Newt Mills And Earl Long Clash
Sicily Island, La., July 28 
Louisiana political circles were confronted today with a wide-open split between Representative Newt V. Mills of Monroe, seeking re-election from the fifth congressional district, and Lieut. Gov. Earl K. Long, likely gubernatorial candidate in 1940.
Long and Mills exchanged sharp words from the same platform at a political rally here yesterday. Their blunt charges that the other was a "double-crosser" and Mills' announcement that he would support Senator James A. Noe of Monroe for the governorship against Long surprised a crowd of more than 1,000.
The lieutenant-governor touched off the fireworks after Mills and four other candidates for Fifth District nomination had bid for the crowd's votes.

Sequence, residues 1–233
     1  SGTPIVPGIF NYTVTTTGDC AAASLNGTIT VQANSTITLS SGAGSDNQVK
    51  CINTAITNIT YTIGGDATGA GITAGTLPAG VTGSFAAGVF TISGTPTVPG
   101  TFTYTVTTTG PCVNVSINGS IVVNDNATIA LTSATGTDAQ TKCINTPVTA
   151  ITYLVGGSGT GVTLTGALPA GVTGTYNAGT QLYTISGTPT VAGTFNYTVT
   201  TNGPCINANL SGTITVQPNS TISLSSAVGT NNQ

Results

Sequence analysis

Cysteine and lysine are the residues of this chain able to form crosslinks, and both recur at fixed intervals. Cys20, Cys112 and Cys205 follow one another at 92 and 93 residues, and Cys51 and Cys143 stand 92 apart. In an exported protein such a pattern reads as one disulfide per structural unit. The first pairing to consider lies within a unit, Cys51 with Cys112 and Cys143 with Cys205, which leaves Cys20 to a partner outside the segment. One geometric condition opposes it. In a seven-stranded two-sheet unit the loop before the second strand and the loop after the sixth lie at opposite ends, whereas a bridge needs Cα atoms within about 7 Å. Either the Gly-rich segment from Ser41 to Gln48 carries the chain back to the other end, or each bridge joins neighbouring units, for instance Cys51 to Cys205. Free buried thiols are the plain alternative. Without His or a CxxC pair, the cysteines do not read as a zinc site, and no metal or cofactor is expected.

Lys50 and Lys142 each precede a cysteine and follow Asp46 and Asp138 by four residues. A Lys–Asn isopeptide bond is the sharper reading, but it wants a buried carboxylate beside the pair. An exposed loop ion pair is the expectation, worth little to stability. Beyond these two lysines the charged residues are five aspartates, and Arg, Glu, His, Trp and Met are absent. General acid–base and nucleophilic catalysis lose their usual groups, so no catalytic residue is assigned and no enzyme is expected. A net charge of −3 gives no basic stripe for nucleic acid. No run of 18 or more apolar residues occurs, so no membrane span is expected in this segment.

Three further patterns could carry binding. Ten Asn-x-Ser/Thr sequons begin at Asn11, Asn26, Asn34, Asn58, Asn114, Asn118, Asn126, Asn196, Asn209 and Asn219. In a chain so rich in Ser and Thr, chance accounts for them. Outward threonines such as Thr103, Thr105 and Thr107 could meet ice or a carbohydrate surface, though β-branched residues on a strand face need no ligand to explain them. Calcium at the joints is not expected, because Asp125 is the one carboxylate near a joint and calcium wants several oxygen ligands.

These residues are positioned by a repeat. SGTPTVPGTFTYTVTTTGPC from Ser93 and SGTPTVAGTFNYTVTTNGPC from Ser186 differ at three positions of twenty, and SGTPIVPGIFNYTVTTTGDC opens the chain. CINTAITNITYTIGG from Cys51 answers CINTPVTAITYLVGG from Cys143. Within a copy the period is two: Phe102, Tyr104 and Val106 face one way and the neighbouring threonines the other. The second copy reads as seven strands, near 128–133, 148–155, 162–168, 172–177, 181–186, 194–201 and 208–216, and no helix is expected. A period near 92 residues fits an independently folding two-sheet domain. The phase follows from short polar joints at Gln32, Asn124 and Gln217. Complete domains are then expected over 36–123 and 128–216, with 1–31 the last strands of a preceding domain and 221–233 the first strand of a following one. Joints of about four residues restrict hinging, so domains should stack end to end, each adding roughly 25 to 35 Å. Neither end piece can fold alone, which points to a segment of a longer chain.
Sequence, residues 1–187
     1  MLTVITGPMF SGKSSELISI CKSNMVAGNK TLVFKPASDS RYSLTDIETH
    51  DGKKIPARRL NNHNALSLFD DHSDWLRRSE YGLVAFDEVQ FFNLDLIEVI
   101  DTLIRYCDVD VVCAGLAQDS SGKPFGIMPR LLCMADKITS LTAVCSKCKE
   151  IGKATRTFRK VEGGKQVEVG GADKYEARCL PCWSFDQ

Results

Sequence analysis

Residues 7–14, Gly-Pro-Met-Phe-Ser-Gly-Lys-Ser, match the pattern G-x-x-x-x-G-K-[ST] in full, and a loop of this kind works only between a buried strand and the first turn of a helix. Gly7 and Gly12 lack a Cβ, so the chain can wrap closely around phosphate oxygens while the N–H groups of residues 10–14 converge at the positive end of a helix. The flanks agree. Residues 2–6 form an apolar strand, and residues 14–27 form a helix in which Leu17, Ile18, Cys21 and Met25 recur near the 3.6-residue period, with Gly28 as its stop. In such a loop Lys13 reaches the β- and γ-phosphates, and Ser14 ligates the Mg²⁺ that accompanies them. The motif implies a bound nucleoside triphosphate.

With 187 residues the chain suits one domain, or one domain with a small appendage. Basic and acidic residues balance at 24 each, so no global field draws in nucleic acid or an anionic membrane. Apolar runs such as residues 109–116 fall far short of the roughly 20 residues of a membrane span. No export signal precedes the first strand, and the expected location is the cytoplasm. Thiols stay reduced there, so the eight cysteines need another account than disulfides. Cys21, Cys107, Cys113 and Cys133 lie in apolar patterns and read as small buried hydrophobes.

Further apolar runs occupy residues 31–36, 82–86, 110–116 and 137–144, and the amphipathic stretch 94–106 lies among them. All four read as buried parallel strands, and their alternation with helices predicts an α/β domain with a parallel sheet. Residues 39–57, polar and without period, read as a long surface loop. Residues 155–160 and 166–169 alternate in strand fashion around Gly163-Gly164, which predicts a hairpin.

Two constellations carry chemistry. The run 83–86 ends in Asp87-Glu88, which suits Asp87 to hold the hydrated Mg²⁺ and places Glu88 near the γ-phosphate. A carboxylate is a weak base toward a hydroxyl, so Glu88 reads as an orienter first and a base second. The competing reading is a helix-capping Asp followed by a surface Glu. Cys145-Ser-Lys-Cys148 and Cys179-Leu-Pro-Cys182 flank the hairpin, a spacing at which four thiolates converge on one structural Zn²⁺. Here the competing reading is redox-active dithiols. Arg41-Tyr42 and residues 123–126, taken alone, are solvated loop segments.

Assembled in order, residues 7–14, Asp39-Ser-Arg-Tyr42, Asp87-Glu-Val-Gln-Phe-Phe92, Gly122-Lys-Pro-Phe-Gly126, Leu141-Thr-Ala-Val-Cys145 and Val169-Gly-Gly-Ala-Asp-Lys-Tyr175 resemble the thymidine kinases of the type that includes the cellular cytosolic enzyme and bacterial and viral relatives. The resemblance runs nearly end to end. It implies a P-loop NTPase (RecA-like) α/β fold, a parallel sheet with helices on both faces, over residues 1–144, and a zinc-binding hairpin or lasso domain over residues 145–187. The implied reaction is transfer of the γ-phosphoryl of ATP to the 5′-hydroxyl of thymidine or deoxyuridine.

A year later, the following article appeared in the June 30, 1939 edition of the Indiana Evening Gazette.
By JAMES E. CORWN
NEA Service Special Correspondent
NEW ORLEANS-All Louisiana these days is remembering a homely farm boy phrase [Lieut.] Gov. Earl Kemp Long spoke a year ago. The scene was Sicily Island, Louisiana. Earl Long rose before a joint mass meeting, faced friends and enemies, and opened his speech with seven words now historic:"Now, I'm going to skin a skunk!"
Earl Long now sits in the governor's chair in Baton Rouge, with the great Maestri machine behind him, and all the power the law and party politics can place in a governor's hands in Louisiana.
Earl Long has a lot of "skunks" to skin, and today he has the knife to do the job if he wants to. For a long time, now, a lot of "the boys" have been kicking Earl's houn'-dawg around. They thought Earl was neatly shelved in the innocuous job of lieutenant-governor, from which he would retire, his term ends May 12, 1940, and become just one more Louisiana lawyer.
And they get little consolation from the interview Earl Long gave when he first learned Governor Leche had announced he was going to resign.
"I'm not governor yet, so I have no statement to make," said Lieut.-Gov. Long, in the luxurious suite of Mayor Robert S. Maestri of New Orleans in the Roosevelt Hotel.